In related news, a recent Wisconsin law states that a franchisor is not an employer of a franchisee or its employees, which eliminates UI and WC exposure but does not override the federal law in this area.

Business take-away: Even if you are not a worker’s direct employer, you could be responsible for violations of the National Labor Relations Act (NLRA), OSHA (Occupational Safety & Health Administration), or the Fair Labor Standards Act (FLSA). This is particularly important for employers who rely on subcontractors or employment agencies. Contact Adam at 414-446-8800 or at adam@goldsteinsc.com should you have any questions regarding joint employers or other employee classifications.

There's No Crying in Baseball

Your HR Department notifies you that an employee recently posted a profanity-laden rant about the company on social media. How do you respond? Employers undoubtedly have a legitimate interest in discouraging online and social media posts that cast the company in a negative light. In an increasing number of cases, however, such posts are found to be “protected activity” under the National Labor Relations Act (NLRA). The NLRA was intended to protect employees’ right to organize and, to that end, to express themselves. Unsurprisingly, social media has become an increasingly common forum in which to do so. A recent case involved a disgruntled Chipotle employee who criticized the company on Twitter. Upon learning of the post, Chipotle discharged the employee for violating its social media policy. The court found that the employee’s personal gripe constituted protected activity under the NLRA and ordered Chipotle to reinstate the employee, with back pay.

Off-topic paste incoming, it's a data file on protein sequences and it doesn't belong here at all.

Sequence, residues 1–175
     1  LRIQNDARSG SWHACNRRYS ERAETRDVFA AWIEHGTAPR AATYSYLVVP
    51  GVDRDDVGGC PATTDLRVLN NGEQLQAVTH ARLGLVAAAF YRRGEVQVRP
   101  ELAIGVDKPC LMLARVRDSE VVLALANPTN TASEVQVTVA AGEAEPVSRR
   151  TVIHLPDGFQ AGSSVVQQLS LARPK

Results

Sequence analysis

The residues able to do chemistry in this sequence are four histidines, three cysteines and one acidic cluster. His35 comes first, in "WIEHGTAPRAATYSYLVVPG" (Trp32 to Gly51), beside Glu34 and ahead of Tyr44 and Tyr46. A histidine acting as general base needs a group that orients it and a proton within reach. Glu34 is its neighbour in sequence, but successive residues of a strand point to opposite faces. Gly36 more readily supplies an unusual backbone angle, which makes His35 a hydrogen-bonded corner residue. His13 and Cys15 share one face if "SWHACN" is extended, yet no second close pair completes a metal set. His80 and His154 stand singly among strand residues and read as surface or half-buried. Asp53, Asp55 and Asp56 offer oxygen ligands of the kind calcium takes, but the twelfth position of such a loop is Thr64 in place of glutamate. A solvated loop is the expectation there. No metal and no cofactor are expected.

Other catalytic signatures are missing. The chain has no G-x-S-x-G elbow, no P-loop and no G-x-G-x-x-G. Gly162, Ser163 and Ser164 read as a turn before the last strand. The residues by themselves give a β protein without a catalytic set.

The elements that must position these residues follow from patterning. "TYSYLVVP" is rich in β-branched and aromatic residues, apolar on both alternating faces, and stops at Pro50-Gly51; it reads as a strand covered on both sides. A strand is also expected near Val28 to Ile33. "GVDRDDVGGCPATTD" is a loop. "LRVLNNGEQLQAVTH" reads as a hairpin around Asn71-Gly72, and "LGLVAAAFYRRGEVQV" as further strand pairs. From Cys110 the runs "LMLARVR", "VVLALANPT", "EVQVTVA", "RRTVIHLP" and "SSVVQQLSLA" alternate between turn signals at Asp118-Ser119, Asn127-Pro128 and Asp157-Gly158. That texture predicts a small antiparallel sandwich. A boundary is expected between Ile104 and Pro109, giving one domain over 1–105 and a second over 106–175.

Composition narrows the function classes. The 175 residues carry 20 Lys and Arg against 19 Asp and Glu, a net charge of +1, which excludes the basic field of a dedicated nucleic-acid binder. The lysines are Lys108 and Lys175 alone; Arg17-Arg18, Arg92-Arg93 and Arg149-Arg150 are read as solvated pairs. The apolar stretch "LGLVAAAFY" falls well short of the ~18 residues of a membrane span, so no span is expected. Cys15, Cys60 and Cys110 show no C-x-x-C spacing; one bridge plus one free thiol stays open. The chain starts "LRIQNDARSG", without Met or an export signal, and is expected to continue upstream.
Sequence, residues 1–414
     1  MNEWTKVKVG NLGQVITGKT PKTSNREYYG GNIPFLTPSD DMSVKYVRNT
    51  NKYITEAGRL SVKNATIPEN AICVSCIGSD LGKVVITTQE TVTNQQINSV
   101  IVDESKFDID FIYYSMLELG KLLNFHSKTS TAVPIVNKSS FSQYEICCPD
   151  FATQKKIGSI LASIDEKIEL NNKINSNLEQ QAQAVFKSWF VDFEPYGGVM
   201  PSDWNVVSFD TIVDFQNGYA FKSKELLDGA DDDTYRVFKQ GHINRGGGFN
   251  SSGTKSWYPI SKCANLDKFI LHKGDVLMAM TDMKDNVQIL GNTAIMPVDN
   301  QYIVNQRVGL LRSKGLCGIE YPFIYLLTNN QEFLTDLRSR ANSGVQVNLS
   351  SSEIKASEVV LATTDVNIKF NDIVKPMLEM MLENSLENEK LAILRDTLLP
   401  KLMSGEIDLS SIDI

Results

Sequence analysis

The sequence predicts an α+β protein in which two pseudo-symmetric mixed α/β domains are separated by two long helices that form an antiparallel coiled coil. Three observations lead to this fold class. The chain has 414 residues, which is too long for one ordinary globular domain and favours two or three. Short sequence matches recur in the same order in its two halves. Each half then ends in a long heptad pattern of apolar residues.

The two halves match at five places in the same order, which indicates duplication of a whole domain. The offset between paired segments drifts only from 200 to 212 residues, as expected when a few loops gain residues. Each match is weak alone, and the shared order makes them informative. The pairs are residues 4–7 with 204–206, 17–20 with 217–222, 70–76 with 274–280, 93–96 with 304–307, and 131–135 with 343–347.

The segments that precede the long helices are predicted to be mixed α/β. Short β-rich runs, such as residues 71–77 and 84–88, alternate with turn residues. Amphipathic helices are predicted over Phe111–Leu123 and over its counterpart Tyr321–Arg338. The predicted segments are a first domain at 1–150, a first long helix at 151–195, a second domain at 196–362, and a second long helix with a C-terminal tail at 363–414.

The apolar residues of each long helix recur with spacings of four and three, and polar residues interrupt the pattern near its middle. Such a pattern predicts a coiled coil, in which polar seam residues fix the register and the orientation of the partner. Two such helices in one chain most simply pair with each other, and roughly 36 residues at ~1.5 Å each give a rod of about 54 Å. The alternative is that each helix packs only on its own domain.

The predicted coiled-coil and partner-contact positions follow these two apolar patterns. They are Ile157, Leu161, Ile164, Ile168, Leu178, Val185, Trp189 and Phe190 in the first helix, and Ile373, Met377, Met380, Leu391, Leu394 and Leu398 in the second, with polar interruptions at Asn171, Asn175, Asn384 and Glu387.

Business take-away: Implementing a social media policy can go a long way to protect a company’s reputation, but such policies must be very carefully crafted to be enforceable under the law. Contact Michael at 414-446-8800 or at michael@goldsteinsc.com for guidance on implementing a social media policy that is both effective and enforceable.

Links of Note

A Happy Clubhouse

Sigal Barsade and Olivia O’Neill speak to the importance of understanding and addressing emotional cultural influences in the workplace, which can result in more highly motivated employees and greater productivity.

"Most companies don’t realize how central emotions are to building the right culture. They tend to focus on cognitive culture: the shared intellectual values, norms, artifacts, and assumptions that set the overall tone for how employees think and behave at work. Though that’s incredibly important, the authors’ research shows that it’s only part of the story. The other critical part is emotional culture, which governs which feelings people have and express at work."

Intentional Walk

Many workers dread difficult conversations with their employees, friends, or co-workers—especially if it involves criticism. Douglas Stone, Bruce Patton, and Sheila Heen suggest that sometimes avoiding a difficult conversation could be the best option.